I took a 9-hour train ride from Kyiv to Lviv. A second class cabin cost 170 hryvnia or UAH (approximately $25), and it comes with a set of comforter, blanket, pillow and towel. There is also a tea/coffee service.
The hostel that I stayed is located near the Old Town Square. It is in an old building with a huge courtyard. The spiral wooden staircase gave a squeaky sound as I walked up the stairs. After checking in, I took a quick shower. With no time to waste, I began to explore the historic city center which is on the UNESCO World Heritage List.
In the heart of Lviv lies the S. Krushelnystka Opera House which offers regular performances of various operas and ballets ranging in prices from 50UAH to 80UAH. Unfortunately, no shows were playing that day. I decided to walk around the Old City Center before my guided walking tour at noon.
Lviv's historic churches, buildings and relics date from the 13th century. The buildings have many stone sculptures and carvings, particularly on large doors, which are hundreds of years old. Most buildings are three-window houses. It would be a privilege to have a six-window house at that time. Constantine Corniaktos, a famous Lviv merchant, earned that right to build one for his merits. Churches are almost every where. Most of them are situated among rows of three to five storey buildings that have hidden inner courtyards and grottoes in various styles. Some of these churches worth spending time at are the Ensemble of the Armenian Church Cathedral, St. George Cathedral, and the Dominican Monastery and Cathedral. Monuments to Taras Shevchenko - the great Ukrainian poet and artist; Ivan Fedorov - the first Ukrainian and Russian book printers; King Danilo Galitsky - the founder of Lviv; and Leopold von acher-Masoch - Austrian write and journalist, are some of the city sculptures commemorating people and topics reflecting the rich history of Lviv.
As the city was preparing for its 20th anniversary of independence from the collapse of the Soviet Union in 1991, there were lots of activities going on in the Market Square (Ploshcha Rynok) where the City Hall is located. A large stage was being set-up for the event, while groups of teenagers were rehearsing for various traditional Ukrainian dances nearby.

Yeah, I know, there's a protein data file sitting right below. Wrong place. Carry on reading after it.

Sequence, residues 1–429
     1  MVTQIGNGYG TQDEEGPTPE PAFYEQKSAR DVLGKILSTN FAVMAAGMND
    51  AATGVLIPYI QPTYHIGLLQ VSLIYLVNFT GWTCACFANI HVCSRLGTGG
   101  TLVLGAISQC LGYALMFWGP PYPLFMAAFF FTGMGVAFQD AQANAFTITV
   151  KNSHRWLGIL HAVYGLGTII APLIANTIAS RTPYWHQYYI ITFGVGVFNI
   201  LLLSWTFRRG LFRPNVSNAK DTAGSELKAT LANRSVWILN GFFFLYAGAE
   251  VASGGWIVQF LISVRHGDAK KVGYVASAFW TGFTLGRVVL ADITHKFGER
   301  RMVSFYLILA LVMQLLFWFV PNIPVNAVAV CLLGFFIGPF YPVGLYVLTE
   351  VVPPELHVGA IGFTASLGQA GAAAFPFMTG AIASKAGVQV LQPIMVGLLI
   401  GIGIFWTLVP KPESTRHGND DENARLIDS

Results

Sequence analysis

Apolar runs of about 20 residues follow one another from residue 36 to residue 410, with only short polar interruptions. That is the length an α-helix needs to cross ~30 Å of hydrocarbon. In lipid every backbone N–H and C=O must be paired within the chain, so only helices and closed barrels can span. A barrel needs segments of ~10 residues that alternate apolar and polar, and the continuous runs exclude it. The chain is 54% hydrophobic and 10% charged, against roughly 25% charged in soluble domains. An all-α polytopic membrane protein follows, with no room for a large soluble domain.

Cafes, restaurants and gifts shops made this Square a huge draw to both locals and tourists.
The Pharmacy Museum, The Museum of Ethnography and Crafts, and The Lviv National Museum are some of the museums recommended by the tour guide. The guide was really enthusiastic about the history and culture of Lviv, and the tour lasted for almost four hours. After a day of walking, I went to a local restaurant for dinner. A grilled chicken leg and thigh, with salad and rissole cost about 36 UAH (less than $5).
Venture out of the Old City Center, you would probably come across a city's architecture that reflects various European styles and periods with cobblestones roads that are all very well-maintained. Most of these buildings are residential with a few family run businesses scattered around.
By evening, the celebration was in full swing. Participants from all over the world parading in their costumes to the thousands of enthusiastic spectators. Song and dance by local talents were performed live on stage, while not too far away, two ladies were doing the hoopla with fire to the beat of the drums. Local politicians took the opportunities to voice their opinions to the community, while children were seen 'rock climbing' from the wave monument behind Taras Shevchenko.
I am glad that I was at the right place at the right time. Witnessing the independence celebration by the Ukrainians in their traditional costumes showed how much they loved their country.